In early 2001, in the middle of an age of rapid technological innovation, the Microsoft Corporation was accused by the U.S. Department of Justice of becoming a monopoly and engaging in anti-competitive processes. The central issue was whether Microsoft was allowed to bundle its flagship browser, Internet Explorer, with its Windows operating system.
It was believed that this bundling was responsible for Microsoft’s victory in the “browser wars”, since every Windows user now had a copy of Internet Explorer. It was alleged that this action restricted the market for competing web browsers, for at this time web browsers were not freeware, but payware. However, technology has left the browser wars in the dust. Nowadays, broadband has made it irrelevant whether computers come pre-installed with browsers, instead, anyone can download competing browsers — Chrome, Firefox, Safari — in less than a minute, and for free.
Today, a new technological issue has ensued, that of net neutrality, which is all about giving the government the right to control and regulate the internet. Ultimately, it is designed to prevent Internet Service Providers (ISPs) like AT&T, Comcast, and Verizon from speeding up, slowing down, or blocking any content, websites, or applications that they are not in partnership with. Although this is an idealistic concept that promotes fairness over the web, the problem is that net neutrality as a practice is hard to implement.
The net neutrality debate stems from a general lack of understanding of the way the internet works. Most people think of internet as a massive public network that everyone connects to in the same way. Data is thought to travel from web companies such as Google and Yahoo into a massive “internet backbone” of cables and data centers, before it moves into a myriad of various ISPs that transfer that data to us. This would be a “neutral web”, but it is not our internet because too much traffic comes from just a handful of companies. Essentially, companies have already found ways to technologically bypass the political law of net neutrality.
How is this possible? The core issues net neutrality aims to solve is allowing government regulation of ISPs, in order to prevent ISPs from allowing some companies to have internet “fast lanes” while others toil at slower speeds. Essentially, this is a fear of ISPs speeding up, slowing down, or blocking certain sites. Although this is a well warranted fear, it doesn’t make much sense because privileged companies such as Google, Facebook, and Netflix already benefit from what are essentially internet fast lanes.
As Craig Labovitz, CEO of DeepField Networks (which tracks how companies build internet infrastructure), said, “The fast lane is how the internet is built today.” Major companies have direct connections to big ISPs and run dedicated computer servers deep inside the ISPs, also known as “peering connections” and “content delivery servers” (CDN), vital parts of internet. In other words, these major companies have basically created their own personal “fast lanes”.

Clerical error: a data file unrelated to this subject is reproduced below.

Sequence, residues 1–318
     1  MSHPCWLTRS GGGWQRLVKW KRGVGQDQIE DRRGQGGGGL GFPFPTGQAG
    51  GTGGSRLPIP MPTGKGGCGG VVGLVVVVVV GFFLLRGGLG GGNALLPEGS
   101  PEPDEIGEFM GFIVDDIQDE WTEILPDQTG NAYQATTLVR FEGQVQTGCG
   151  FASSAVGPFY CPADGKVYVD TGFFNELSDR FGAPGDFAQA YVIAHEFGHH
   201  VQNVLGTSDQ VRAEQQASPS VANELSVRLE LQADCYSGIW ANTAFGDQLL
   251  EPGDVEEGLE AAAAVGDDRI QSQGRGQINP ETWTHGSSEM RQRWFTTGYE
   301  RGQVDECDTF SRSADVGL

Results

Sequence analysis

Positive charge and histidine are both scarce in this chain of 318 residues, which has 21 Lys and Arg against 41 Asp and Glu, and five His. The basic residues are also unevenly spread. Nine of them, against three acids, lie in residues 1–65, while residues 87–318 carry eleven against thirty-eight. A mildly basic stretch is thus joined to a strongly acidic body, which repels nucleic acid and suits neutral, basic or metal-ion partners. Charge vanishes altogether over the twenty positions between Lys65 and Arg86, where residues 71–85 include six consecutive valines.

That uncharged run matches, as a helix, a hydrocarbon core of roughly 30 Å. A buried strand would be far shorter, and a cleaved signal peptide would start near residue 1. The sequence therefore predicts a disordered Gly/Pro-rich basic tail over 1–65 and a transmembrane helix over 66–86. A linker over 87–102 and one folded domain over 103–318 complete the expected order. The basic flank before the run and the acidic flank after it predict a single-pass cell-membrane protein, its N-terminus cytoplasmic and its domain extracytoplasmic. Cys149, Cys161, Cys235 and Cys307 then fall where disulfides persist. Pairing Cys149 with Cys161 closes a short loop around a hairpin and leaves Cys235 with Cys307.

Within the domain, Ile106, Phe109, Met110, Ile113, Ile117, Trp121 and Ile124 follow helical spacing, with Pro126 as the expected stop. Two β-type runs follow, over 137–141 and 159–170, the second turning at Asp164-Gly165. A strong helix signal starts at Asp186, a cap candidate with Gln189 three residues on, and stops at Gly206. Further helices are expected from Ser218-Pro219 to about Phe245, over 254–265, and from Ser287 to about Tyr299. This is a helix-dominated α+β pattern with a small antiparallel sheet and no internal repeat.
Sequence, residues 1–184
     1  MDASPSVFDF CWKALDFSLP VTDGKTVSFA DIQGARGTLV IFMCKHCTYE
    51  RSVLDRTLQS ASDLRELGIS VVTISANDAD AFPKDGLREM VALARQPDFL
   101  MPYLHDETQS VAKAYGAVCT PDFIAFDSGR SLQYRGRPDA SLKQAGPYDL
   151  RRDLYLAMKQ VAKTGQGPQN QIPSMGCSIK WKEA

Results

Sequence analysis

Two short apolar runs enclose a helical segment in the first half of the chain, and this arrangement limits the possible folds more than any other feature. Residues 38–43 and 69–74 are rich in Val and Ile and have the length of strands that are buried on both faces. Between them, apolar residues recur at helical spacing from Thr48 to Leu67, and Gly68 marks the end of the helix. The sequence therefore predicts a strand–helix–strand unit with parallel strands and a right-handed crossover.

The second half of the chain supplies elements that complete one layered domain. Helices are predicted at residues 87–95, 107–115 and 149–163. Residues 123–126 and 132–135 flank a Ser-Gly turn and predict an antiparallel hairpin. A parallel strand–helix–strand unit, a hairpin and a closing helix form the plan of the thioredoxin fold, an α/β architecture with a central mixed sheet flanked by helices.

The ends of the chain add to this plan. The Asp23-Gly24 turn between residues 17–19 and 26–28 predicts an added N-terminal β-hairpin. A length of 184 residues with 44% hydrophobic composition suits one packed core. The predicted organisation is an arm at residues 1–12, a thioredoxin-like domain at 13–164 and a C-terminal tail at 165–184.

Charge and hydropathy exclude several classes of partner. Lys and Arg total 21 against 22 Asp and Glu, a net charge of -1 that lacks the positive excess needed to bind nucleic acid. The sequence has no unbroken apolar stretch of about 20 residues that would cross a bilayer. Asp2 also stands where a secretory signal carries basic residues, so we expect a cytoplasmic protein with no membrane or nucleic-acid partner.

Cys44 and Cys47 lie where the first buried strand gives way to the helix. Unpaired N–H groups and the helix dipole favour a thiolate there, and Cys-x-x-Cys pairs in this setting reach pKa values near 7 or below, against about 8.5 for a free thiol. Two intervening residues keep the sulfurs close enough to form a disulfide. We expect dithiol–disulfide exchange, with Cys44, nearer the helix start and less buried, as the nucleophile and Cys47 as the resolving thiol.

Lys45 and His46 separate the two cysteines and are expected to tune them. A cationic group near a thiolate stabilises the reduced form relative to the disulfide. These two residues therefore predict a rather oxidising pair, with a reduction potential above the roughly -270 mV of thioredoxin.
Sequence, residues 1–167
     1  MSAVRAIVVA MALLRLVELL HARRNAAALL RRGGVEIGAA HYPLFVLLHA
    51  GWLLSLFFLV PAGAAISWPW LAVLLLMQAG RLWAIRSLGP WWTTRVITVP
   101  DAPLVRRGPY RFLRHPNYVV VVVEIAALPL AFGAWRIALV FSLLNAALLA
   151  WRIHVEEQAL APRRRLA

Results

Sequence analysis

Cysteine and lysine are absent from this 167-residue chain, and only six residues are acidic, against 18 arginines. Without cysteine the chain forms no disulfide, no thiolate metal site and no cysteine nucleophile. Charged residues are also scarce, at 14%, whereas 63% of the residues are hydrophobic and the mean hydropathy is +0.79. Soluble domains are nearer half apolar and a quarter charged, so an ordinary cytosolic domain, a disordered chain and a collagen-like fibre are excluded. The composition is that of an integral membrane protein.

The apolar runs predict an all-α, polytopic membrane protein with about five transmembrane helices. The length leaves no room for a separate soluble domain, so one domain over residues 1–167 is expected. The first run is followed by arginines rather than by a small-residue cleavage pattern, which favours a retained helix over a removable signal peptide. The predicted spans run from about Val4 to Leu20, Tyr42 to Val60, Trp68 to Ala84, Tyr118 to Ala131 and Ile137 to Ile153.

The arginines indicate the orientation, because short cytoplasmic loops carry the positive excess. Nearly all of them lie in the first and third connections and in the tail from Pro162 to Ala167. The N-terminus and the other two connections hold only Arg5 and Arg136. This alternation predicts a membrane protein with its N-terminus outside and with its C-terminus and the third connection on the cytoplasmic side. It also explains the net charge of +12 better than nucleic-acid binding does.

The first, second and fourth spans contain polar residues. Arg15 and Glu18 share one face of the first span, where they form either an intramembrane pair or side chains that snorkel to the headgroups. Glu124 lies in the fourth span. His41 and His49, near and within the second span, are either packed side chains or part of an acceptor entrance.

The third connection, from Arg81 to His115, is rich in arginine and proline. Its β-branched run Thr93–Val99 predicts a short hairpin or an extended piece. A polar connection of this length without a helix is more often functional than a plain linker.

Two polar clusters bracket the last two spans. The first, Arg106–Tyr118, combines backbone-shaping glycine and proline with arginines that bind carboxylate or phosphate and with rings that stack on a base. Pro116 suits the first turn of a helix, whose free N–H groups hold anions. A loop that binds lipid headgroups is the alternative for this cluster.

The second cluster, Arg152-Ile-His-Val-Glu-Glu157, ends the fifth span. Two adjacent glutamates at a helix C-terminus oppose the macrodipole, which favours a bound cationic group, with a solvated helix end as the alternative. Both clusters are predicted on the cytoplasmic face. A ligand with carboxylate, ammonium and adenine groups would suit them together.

For example, when I watch a movie on Netflix, the video stream doesn’t have to travel from California through an array of different autonomous networks (internet backbone) and into my living room in St. Louis. Instead, the video stream only needs to travel a few miles from a nearby Netflix server, thus giving Netflix a clear advantage, or a “fast lane”, over other streaming services like HBO, which can’t afford to pay for the CDNs built into the local ISP servers. Thus, both the ISP and Netflix benefit from this arrangement, but I do too. I get faster and cheaper internet speed. This arrangement is a violation of net neutrality itself, and only shows how useless net neutrality is.
Today, the internet is so influential that governments feel a need to get in on the action, that is, to regulate the Internet. The government is trying to solve a lack of competition in the internet industry with law to regulate how a for-profit corporation can operate, which is not right. Especially in the area of technology, government regulation has very little place. Essentially, governments cannot move fast enough to effectively regulate technology companies. By the time governments have settled on a solution, technology has changed and the debate is irrelevant, just like the Microsoft issue. Thus, the US government is not capable of providing appropriate fairness to the internet, and should instead leave the internet in a free market state.
In fact, data from USTelecom, a non-profit organization, showed that because of government regulations, the investment for internet infrastructures decreased over time. ISPs within US invested 78.4 billion dollars in US in the year of 2014, before the Open Internet Act of 2015. After FCC passed Net Neutrality in 2015, the investments started a downwards trend to $77.9 billion in 2015 and $76 billion in 2016.
This decrease in investment means that the ISPs are less interested in maintaining and improving the broadband internet, like creating new servers or “fast lanes” for slower and less covered regions. And that was mainly due to the passage of net neutrality. This means that if net neutrality stays in place, then 10 years from now there may be new low-earth orbit satellites that emerge and allow us to all have wireless connections from space. With the rise of 5G and wireless broadband, new and old companies may jump into the new wireless network industry, increasing the competition and breaking the cable monopoly, making us forget that we ever worried about net neutrality.